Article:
Enjoy Renting Because Homeownership Really Does Suck Up All Your Cash

published Feb 28, 2019
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You saved up that down payment—and those extra closing costs. The furniture has been bought and the rooms have been painted. You’ve sent the movers a deposit and even paid your first mortgage payment! You’re past the most stressful financial part of homeownership, right? Not so fast. A large portion of American homeowners say they’re still facing financial anxiety—even after move-in day.

According to NerdWallet’s 2019 Home Buyer Report, one out of four new American homeowners say they no longer feel financially secure after buying a home—even though their home may be the biggest single investment they have. This number’s even higher for first-time homebuyers: 34 percent of them feel less secure money-wise after the big purchase.

So what gives? Apparently there are a lot of misconceptions during the home-buying process that lead to some financial instability and anxiety as homeowners.

It may be that home buyers are spending more cash than they need to on the down payment. In the survey, six out of 10 people said they thought they needed to put down at least 20 percent or more to purchase a home. But, believe it or not, 32 percent of homeowners in the U.S. put down five percent or less to buy a home. Many buyers who save up the full 20 percent may be using all of their cash savings, meaning there’s not much left for inevitable repairs, updates, and other unexpected costs that come with homeownership.

Yes, putting 20 percent down means avoiding private mortgage insurance (PMI), which ends up adding between 0.3 to 1.5 percent of a home’s value to the annual mortgage payment. But putting down less cash up front might be less anxiety-inducing in the long run. Some may prefer paying an extra couple of hundred dollars a month in PMI (plus more for interest and principal) if it means having some extra cash in savings in case of emergency. (FYI: This is a good topic to discuss with a financial planner, real estate agent, and mortgage lender before buying.)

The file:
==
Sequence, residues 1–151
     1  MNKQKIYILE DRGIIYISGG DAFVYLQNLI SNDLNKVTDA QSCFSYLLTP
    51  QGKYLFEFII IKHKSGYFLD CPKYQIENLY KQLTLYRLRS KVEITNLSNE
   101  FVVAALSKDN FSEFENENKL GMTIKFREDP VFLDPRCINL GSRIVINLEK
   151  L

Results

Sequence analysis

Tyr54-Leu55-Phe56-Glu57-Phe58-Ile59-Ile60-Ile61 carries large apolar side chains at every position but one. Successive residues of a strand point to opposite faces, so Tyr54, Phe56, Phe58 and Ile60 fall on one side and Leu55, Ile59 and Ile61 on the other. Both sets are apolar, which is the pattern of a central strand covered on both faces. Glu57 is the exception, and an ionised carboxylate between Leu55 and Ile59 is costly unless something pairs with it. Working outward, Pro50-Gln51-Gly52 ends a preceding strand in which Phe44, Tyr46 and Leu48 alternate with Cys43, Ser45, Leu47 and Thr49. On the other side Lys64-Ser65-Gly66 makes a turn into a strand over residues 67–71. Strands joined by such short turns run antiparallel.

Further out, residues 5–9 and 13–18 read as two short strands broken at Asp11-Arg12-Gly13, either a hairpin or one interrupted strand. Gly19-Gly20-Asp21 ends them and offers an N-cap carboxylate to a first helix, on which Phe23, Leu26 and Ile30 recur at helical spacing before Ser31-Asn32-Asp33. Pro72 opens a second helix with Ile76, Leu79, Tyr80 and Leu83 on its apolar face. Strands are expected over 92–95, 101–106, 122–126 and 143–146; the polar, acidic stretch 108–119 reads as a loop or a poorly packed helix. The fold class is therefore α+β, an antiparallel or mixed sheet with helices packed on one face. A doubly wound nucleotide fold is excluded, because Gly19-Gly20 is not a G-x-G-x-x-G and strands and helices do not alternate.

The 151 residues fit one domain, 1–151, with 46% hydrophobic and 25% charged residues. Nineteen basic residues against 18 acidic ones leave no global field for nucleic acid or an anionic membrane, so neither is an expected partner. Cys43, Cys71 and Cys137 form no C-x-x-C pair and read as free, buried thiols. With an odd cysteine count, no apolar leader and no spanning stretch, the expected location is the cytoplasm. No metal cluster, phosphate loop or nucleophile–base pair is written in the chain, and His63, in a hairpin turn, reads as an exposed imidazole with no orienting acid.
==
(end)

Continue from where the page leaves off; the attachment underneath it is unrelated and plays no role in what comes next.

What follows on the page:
Another unexpected, financially-destabilizing force is simply paying too much for a mortgage. According to the study, if American homebuyers had done more comparison shopping with their mortgages, they could have saved about $776 million altogether in a single year. That comes out to a little over $400 per homeowner in the first year of a 30-year mortgage.

Homeowners also are commonly ending up paying more than the listing price. According to the study, almost half of American home-buyers (45 percent) who bought in the past five years paid more for a property than its list price. Again, this was higher for first-time home buyers: 56 percent offered more than asking before having an offer accepted, and 15 percent of them said that their offers ended up being higher than they were comfortable with.

The takeaway here? Buying a home almost always ends up being more expensive than you think—so if you’re one of the 36 percent of Americans who plan to buy a home in the next five years (another study finding!), make sure you set a firm budget that’s also pretty conservative. You’ll probably enjoy that smaller home a little bit more than that one just outside your budget that makes you sweat a little every time your mortgage payment rolls around.

To read the full 2019 Home Buyer Report, head to Nerdwallet.